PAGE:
With the election campaigns in full swing, some educators on Twitter have deemed it appropriate to bombard their followers with propaganda tweets in support of their political opinions. Some slogans on my Twitter feed have been so provocative that I have been tempted at times to respond. The reasons why I haven’t are twofold. Firstly, there are not enough characters in a tweet to allow me to fully explain my point of view (I know you can create a thread of multiple tweets but it still feels prescriptive to me). The second and more powerful reason is that for me, politics as well as faith, are private matters.
Is there an argument for teachers to remain impartial, and to maintain BBC style neutrality? I know it is difficult to do given so many issues, such as cuts to funding and grammar schools are very close to teachers’ hearts. We are human beings and we don’t want to be muzzled. We want to be free to express what we feel and what we think. But given the power and influence teachers have on their pupils, is there not a danger that, in forcibly stating a political opinion, we could be guilty of brainwashing them? Of course, it’s one thing to do so in the classroom and another to talk politics on a private Twitter or Facebook account. Surely we should be given more leeway in the latter?
My one experience of politics in the classroom came during last year’s EU referendum. At the time, I was a teaching assistant in a primary school, in a year 3 classroom to be exact. I don’t remember what prompted the teacher to discuss the referendum, which is fair enough, but then he went on to say he would be voting Leave because the EU institutions were too corrupt and dysfunctional. The very next day, a pupil came to school sporting a Remain sticker on his shirt. Now this could have been a coincidence but I doubt it. In any case, one could say no harm was done – maybe even the opposite. I don’t remember being particularly fired up about it at the time, though I did pipe up in class and say that I disagreed and was pro-Remain. Perhaps it was because the teacher gave his considered opinion and didn’t descend into an ad hominem type of argument and I was able to express my disagreement. The children could see that differences of opinion could be expressed without rancour or personal attacks.
I am much less sanguine, however, when parents use their children as their political spokesperson. From the sharing of their child’s notes written in class, in which they obviously parrot what they have heard at home, to the young child holding up a banner calling Theresa May a bad MEFF, I find it distasteful to see young children being used in this way.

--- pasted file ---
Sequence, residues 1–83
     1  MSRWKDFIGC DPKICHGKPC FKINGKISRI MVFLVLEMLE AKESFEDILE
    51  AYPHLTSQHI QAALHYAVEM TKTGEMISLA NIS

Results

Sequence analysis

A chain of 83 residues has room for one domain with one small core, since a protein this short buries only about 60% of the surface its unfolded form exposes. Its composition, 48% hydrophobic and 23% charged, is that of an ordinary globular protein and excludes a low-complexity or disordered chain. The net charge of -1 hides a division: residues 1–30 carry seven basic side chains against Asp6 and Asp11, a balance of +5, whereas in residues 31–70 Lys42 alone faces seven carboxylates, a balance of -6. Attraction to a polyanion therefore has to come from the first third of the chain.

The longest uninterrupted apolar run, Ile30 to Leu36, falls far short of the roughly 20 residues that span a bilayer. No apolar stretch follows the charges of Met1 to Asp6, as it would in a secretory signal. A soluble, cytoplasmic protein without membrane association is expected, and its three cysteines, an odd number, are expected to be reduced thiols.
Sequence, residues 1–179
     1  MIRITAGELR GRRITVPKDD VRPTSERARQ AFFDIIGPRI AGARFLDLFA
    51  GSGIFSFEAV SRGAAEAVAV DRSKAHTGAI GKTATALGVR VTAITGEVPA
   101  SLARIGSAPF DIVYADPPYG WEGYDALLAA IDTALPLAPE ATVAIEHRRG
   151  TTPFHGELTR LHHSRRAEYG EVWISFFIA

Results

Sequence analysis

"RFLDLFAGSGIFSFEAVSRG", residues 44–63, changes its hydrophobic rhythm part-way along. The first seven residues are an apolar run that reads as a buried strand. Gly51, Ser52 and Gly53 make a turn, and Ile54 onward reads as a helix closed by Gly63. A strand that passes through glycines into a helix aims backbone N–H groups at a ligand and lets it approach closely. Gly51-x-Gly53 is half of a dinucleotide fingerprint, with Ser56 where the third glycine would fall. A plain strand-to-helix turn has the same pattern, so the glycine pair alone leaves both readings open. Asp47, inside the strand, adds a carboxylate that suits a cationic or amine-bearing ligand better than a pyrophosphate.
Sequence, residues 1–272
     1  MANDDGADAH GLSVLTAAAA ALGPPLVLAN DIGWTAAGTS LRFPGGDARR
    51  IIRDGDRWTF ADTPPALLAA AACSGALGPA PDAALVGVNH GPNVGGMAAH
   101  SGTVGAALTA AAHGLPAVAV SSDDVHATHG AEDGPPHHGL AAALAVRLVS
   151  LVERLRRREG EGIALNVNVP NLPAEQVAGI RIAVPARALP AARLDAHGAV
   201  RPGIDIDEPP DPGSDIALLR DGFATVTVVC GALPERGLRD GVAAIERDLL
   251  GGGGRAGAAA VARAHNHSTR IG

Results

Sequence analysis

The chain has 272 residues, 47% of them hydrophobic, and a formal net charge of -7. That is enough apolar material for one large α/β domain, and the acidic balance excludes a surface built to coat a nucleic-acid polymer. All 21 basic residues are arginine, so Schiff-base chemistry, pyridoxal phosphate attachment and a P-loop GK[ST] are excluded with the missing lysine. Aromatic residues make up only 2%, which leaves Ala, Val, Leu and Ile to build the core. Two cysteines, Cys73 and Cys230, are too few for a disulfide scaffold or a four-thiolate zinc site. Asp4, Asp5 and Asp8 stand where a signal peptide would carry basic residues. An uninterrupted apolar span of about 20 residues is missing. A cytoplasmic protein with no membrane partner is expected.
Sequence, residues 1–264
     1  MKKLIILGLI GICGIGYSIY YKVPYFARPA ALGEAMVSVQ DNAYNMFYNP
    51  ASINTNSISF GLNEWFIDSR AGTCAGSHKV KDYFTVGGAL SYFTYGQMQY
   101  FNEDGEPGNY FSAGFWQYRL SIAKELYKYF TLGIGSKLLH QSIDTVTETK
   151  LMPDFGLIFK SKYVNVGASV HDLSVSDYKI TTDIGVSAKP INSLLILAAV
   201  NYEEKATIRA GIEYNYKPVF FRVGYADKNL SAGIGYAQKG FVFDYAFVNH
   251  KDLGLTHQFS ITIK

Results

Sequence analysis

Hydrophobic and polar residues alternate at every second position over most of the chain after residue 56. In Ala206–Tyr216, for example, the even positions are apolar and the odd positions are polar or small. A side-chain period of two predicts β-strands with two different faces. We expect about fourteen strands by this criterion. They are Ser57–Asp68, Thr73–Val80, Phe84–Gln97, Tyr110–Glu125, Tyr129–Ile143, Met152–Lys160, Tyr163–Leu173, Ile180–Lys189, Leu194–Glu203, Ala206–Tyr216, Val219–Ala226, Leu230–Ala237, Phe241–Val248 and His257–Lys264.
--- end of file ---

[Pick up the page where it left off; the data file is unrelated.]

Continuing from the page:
I am saving my highest opprobrium, however, for the head of a primary school who decided to call another teacher a dick and an out-of-touch attention seeking plank, for having written an article in TES in favour of the Conservative party’s stance on education. Quite a few people disagreed with the article and were well within their rights to do so. However, it is one thing to disagree with a political point of view and quite another to make a personal attack on the person expressing it. Head teachers, and teachers too for that matter, are expected to uphold the values of our democracy. We are a pluralistic society with different political points of views. We can disagree with people’s views, but we must do so respectfully. Just because someone is on the other side of the spectrum politically doesn’t mean they are cruel or evil. We must be able to show, by example, that we can disagree with people but still treat them with courtesy.
And so, to answer my own question. I don’t believe it’s necessary or even possible for teachers to be politically neutral, but they should be aware that they are in a position of influence and must be considered in what they say. By all means express a political opinion, but back it up with rational arguments, invite disagreement and never, never, make ad hominem remarks about opponents.